Whether you're a professional artist or passionate amateur, times of uncertainty and change can encourage us to get creative.

We make things to spread a message, to perform a function, to fundraise, or just for the joy in crafting. You may have even created something while New Zealand was in lockdown due to the Covid-19 pandemic, to express how you were feeling or to learn a new skill.

Here are some objects in our collection that have been made during moments of significance, big and small, and their stories.

We’re looking for Covid-19 material. If you have an object you think might help tell the story of New Zealand’s lockdown, read more about our call for contributions here


Textile designer Adrienne Foote was at home in Remuera when she heard the explosion of the bombs planted on Greenpeace flagship Rainbow Warrior in 1985. A pivotal event in New Zealand’s anti-nuclear history, the moment was also personally significant for Foote, then 22 and a burgeoning activist. Her fear of the nuclear threat and the “invisible harm it could cause” (1) was coupled with a sense of optimism about her ability to effect change in this corner of the world, where nuclear power was not yet established. It is through her textile designs that she was able to bring attention to the cause. This t-shirt is one in a series of Nuclear-Free New Zealand designs she produced once a year over four years. Foote developed a successful screen-printing business in the 1980s and 1990s, with her bold and colourful “Footeprints” textiles made in her studio on Karangahape Road, Auckland.

Image credit: T-shirt, Adrienne Foote, 1986. T1674.

Women of the Red Cross and St. Johns in Redcliffs, Christchurch, put their sewing skills to good use to raise funds during World War One. There are approximately 1200 embroidered signatures on this quilt, including that of Lieutenant Gilbert Archey (who would go on to become Director of the Auckland Institute and Museum in 1924). People paid a small sum to have their name or that of a loved one stitched onto the quilt. Many of the names were of servicemen from the New Zealand Field Artillery, New Zealand Infantry, New Zealand Mounted Rifles and New Zealand Engineers, whose badges are also embroidered in the centre. This quilt raised 53 pounds and was presented to the Walton-on-Thames Hospital in England. Signature quilts like this one show how a group of creative volunteers could help a community contribute to the war effort.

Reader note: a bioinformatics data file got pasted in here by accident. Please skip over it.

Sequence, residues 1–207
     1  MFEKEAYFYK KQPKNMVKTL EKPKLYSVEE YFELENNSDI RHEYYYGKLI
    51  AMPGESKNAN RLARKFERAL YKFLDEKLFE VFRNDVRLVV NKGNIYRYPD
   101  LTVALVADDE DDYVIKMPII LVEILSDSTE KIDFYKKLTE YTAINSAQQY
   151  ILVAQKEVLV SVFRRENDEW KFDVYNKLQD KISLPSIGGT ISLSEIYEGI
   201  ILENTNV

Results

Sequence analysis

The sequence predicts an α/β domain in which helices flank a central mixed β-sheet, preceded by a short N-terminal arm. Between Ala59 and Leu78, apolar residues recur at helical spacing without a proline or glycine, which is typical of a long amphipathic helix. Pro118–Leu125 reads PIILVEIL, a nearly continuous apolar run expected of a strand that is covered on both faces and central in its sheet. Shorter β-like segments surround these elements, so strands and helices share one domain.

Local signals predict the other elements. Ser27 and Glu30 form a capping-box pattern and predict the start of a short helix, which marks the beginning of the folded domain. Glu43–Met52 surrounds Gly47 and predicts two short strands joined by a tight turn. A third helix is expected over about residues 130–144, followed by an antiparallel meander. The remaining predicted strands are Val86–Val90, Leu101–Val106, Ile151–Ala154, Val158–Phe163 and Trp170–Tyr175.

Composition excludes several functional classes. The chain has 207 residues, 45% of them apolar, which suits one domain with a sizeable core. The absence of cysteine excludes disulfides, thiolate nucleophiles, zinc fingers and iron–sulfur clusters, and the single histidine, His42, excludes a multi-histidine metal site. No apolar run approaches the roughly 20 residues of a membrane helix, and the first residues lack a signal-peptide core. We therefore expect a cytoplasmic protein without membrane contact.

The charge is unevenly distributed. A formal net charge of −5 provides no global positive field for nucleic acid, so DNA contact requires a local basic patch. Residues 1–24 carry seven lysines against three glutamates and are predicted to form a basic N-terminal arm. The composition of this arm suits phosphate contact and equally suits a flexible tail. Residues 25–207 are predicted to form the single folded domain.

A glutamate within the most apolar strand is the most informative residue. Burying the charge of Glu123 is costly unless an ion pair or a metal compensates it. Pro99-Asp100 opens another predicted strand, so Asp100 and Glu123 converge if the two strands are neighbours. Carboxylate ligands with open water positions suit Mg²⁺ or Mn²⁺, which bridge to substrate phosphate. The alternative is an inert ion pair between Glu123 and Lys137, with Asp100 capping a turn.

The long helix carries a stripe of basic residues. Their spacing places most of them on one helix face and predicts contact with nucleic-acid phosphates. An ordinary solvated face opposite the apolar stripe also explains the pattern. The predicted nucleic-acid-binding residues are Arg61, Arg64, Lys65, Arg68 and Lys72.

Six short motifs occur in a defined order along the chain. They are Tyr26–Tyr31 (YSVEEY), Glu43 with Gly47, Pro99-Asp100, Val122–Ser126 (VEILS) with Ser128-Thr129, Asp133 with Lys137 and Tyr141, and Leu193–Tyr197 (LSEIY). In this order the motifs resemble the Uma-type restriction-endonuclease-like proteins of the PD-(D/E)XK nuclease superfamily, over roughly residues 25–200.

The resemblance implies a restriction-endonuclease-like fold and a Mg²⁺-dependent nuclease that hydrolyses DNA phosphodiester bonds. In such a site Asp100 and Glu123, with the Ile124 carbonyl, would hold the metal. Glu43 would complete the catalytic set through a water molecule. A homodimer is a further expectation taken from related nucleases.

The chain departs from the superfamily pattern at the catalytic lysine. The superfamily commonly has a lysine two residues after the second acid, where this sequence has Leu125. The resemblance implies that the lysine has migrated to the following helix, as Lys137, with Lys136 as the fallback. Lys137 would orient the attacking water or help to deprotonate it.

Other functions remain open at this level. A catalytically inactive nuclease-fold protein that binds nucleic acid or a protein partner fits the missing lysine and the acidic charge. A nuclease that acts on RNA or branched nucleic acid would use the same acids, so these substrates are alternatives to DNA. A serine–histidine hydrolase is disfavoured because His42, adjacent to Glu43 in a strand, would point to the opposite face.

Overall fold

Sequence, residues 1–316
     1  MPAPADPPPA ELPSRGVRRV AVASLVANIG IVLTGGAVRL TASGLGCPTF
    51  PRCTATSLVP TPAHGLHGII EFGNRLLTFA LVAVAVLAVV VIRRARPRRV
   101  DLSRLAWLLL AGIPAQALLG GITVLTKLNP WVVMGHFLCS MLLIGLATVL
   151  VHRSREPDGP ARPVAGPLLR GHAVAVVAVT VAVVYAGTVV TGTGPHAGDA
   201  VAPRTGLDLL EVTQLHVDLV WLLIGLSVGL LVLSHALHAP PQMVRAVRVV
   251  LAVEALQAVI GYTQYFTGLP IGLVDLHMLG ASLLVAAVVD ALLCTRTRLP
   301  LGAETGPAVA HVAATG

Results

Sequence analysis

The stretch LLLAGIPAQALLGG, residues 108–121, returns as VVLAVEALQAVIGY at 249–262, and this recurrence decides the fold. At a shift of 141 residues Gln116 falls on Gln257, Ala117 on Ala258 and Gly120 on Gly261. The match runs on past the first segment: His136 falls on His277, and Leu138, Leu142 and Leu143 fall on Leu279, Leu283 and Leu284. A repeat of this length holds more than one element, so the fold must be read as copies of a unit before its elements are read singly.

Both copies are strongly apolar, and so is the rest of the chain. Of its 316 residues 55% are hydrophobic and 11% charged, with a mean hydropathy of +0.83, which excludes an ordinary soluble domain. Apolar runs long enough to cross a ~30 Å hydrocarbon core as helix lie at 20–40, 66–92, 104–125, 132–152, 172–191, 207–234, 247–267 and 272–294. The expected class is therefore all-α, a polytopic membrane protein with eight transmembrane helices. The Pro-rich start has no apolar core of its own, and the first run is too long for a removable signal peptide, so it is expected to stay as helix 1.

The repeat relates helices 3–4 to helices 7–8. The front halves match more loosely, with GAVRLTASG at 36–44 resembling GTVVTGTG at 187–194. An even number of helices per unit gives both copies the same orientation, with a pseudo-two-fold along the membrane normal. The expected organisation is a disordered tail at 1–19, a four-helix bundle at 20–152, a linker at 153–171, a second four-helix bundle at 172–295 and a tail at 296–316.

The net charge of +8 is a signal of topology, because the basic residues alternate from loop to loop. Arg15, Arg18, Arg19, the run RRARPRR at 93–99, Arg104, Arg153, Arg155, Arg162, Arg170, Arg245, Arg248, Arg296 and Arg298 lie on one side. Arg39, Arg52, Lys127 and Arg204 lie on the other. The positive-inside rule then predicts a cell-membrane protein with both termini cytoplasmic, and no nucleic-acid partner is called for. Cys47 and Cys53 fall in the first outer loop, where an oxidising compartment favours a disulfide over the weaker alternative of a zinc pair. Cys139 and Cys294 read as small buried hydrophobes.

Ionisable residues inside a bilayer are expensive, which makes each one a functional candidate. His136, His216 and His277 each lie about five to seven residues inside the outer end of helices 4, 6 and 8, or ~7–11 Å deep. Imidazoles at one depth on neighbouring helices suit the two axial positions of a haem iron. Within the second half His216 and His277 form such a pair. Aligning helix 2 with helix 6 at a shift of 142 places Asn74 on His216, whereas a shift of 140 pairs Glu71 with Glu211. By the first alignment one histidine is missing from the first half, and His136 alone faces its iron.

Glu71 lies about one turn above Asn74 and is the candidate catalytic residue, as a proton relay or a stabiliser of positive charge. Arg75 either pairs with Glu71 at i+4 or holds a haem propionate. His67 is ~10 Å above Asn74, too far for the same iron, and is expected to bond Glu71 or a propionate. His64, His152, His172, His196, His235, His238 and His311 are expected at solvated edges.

Image credit: Signature quilt made by Red Cross & St. Johns, Redcliffs, 1918. W3045, 1988.224.

This badge was made by Miles Fahey (then aged nine) through Miles and his brother Joe's badge-making enterprise, "Ballistic Badges". Miles and Joe sold hand-drawn badges at the Cross St Markets, a vintage and craft market held once a month behind Karangahape Road. This badge depicts a "Firebreathing Dragon of Awesomeness" and was created to protest the 2018 University of Auckland proposal to close the Elam Fine Arts library. The Elam School of Art and Design was established in 1889 and the library housed a nationally significant collection relating to New Zealand art and artists. The move to close the Elam library and merge the collection with that of the central library was widely criticised by the Auckland arts community, of which Miles and Joe's mother, gallerist Anna Miles, is a member. Miles made 30 dragon badges and Anna delivered them to champions of the library, many of whom wore the badges to the “Save Our Libraries” campus rally on 30 April, 2018.